FRENCH ACCENT: Pierre Rougier is opening a branch of PR Consulting in Paris, with business partner Sylvie Picquet-Damesme. Nathalie Ours, formerly with Yohji Yamamoto, will be their Paris-based partner. PR Consulting Paris, with offices on Rue de Provence in the 9th arrondissement, will start by representing Narciso Rodriguez and Proenza Schouler in Europe. In New York, Rougier has such fashion clients as Balenciaga, Jil Sander, Dries Van Noten, Phi, Pierre Hardy and Osklen, as well as beauty and lifestyle divisions.
SO SORRY: Christian Lacroix has sent his regrets to the San Francisco Ballet’s Auxiliary. The designer was planning to attend a Nov. 16 Lacroix ballet fashion show and lunch hosted by Saks Fifth Avenue, but opening delays at his Manhattan boutique put his City by the Bay trip on hold, as well. However, the Saks luncheon and show will go on with the designer’s directrice of haute couture Marie Martinez Seznec and Lacroix president Nicolas Topiol headlining the event. A reception the night before at the Pacific Heights home of Ann and Gordon Getty is also still a go.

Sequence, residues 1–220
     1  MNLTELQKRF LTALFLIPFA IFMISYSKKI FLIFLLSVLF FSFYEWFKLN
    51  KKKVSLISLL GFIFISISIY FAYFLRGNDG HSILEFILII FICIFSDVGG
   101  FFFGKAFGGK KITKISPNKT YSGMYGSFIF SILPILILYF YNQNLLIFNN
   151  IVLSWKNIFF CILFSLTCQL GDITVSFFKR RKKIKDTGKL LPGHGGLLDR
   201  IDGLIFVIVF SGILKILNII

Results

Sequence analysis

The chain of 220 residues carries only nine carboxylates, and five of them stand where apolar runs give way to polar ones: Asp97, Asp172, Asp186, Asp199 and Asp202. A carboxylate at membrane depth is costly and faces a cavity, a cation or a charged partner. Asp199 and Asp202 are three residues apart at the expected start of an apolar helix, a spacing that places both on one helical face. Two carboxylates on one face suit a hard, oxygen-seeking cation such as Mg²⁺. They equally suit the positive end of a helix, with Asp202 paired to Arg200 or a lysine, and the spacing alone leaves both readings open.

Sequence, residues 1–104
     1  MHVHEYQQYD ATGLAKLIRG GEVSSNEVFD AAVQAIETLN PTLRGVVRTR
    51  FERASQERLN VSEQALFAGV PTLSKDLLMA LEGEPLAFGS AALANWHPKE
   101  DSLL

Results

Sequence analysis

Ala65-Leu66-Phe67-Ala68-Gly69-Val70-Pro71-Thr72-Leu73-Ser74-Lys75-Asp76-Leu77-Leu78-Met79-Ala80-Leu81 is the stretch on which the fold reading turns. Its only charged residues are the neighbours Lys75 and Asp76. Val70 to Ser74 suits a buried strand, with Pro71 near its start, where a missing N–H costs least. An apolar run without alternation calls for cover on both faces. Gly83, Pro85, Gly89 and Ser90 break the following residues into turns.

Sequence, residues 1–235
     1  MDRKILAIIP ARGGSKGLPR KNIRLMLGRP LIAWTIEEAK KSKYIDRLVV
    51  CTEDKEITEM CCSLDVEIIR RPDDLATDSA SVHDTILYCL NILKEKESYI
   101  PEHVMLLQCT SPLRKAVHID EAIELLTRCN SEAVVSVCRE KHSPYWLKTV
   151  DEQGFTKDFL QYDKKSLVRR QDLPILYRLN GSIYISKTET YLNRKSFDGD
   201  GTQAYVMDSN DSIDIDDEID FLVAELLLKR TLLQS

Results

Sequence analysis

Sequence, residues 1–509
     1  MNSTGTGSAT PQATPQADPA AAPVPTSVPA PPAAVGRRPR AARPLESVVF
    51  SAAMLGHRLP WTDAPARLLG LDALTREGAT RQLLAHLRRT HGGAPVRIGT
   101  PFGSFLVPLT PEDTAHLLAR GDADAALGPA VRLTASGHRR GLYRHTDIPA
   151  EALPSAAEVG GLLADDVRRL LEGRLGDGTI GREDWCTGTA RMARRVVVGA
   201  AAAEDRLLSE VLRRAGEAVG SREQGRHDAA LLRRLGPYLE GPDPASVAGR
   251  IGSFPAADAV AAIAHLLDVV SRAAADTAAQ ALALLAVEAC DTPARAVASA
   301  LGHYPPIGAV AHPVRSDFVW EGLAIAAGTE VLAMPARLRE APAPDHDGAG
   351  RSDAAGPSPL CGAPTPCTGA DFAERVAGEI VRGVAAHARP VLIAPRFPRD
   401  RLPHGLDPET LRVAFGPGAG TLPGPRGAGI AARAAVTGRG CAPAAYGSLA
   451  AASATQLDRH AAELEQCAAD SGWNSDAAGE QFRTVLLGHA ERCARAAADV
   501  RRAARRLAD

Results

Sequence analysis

NIGHT HAWKS: Jane Birkin, Jean Paul Gaultier, Danielle Steele, Julie Gayet, Chantal Thomass, Jean-Paul Goode and William Klein were among a flock of fashionable night owls who poured into Hermès’ renovated Parisian flagship last Tuesday for the house’s 24-hour-long party. “I hope I’ll manage to keep going all night,” said a worried-looking Guillaume De Seynes, Hermès’ executive vice president, as he greeted guests at the event’s kickoff. A flurry of acts awaited inside, from pint-sized ballerinas twirling on Hermès hat-boxes to Indian dancers. But the night’s most poignant act had to be a performance by Birkin, the gap-toothed muse behind one of the store’s most iconic bags. Birkin belted out a run of old Serge Gainsbourg numbers on the store’s central glass staircase — dressed in a pair of scruffy cargo pants — and even dedicated a song, “As Time Goes By,” to Gaultier. who sang along. Earlier, Gaultier admitted he’d probably fade around midnight. “I need my sleep too much and, anyway, dreaming can be just as much fun as partying,” he joked. For Colette’s Sarah Lerfel, however, staying up was a matter of practice. “We’re gearing up to open a 24-hour ephemeral boutique in Los Angeles on Nov. 9,” she said, adding that Marc Jacobs, Martin Margiela and Jack Spade are some of the other brands participating in the event, in collaboration with Paper magazine.